7 March 2012

Introduction: sheltering process and product

The challenge of the Steel Days Conference was to enhance the common understanding – of humanitarians, academics and producers – of good practices of using steel for sheltering. We had the expertise we needed, tailor made presentations on the subject and an overall productive atmosphere.
But, how much did we advance on the issue of steel for humanitarian sheltering? This conference was a momentum, a step in a process carried by a far larger group of people than just the IFRC SRU team or the participants of the conference. The fact that the starting point of the conference was practical – ‘what do we do today in sheltering’ –, laying open steel sheltering through case studies and R&D efforts, enabled to look at sheltering issues on a less abstract level. Still, although we have advanced on what exactly should be changed, researched and developed to improve steel sheltering, it is mostly the link between process and product aspects that lightened up the steel days.
Jim Kennedy: Even if there were specific presentations on the (literally) nuts and bolts of steel-frame shelter designs, what excited the interest of the participants were all of the bigger-picture questions surrounding shelter responses, no matter what the material: the mandates of humanitarian organizations and national governments; the complexities of land-tenure issues affecting shelter responses; the importance of post-disaster urban-planning, rather than just approaching reconstruction at the single-shelter level; and the realistic roles and responsibilities of the affected populations themselves, especially in urbanized, complex economies.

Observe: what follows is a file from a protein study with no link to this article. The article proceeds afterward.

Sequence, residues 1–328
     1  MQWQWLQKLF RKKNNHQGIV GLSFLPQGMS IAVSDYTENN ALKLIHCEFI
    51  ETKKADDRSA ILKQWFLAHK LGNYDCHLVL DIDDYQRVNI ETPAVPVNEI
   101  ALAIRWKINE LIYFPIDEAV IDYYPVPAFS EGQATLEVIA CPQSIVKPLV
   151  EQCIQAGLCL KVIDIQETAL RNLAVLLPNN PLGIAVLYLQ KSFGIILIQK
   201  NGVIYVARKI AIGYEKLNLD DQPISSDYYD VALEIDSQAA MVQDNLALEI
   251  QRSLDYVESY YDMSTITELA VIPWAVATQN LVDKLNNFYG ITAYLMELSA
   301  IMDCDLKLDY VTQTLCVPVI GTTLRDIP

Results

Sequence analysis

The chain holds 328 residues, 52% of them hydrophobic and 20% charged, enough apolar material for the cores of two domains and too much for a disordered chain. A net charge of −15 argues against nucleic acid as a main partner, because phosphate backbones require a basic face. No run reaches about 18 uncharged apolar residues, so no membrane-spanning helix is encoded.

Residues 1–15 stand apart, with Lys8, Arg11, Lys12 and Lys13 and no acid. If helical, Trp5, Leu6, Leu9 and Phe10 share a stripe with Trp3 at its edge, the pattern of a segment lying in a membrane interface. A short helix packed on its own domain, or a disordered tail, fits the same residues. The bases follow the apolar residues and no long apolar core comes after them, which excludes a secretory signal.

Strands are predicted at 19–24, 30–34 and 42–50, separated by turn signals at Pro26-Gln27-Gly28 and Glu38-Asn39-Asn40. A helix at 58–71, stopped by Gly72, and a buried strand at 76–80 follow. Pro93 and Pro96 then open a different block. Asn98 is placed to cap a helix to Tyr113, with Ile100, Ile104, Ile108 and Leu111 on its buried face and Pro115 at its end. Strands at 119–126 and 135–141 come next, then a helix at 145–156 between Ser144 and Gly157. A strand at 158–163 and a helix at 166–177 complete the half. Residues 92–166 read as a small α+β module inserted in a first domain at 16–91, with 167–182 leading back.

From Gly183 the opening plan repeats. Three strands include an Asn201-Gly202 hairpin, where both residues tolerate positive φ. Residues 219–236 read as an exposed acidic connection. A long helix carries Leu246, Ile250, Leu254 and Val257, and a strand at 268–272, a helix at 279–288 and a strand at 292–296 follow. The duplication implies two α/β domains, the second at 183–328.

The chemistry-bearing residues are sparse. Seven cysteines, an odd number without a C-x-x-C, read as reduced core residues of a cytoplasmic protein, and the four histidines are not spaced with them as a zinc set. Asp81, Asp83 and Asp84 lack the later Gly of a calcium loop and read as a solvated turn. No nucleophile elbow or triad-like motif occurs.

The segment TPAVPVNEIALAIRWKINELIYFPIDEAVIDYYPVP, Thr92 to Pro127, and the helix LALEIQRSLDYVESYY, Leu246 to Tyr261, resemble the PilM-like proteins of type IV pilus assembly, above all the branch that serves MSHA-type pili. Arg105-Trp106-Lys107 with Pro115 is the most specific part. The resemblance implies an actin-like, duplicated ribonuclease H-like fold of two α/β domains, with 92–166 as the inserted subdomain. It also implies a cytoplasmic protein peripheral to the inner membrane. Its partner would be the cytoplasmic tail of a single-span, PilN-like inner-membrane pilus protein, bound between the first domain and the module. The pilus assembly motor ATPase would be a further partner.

The standards for qualitative and effective sheltering, as agreed in the Sphere Standards or the Transitional Settlements series, are not optional. However, the variety of solutions they cover is not exhausted and probably never will be. The standards have proven to trigger most discussion when applied to specific disasters, contexts, materials or techniques.
During the conference, some measures of efficiency that are obviously positive for private companies were disputed by humanitarians, some in-depth reflections of academics deemed unworkable. Humanitarians on the other hand could not always pinpoint exactly where the loss in effectiveness occurred and how that could be remedied in the future. The IFRC SRU saw the benefit of organizing the conference exactly on that level; to give these rather common frictions a platform.
Some themes during the conference were recurrent throughout the presentations and the discussions afterwards. We attempted to line them up in the themes which is our record of the conference. It is just our record; we’d rather have it debated than agreed upon. It therefore contains a mixture of fragments of presentations and discussions on the one hand, and more personal thoughts about ways forward.
IFRC SRU.

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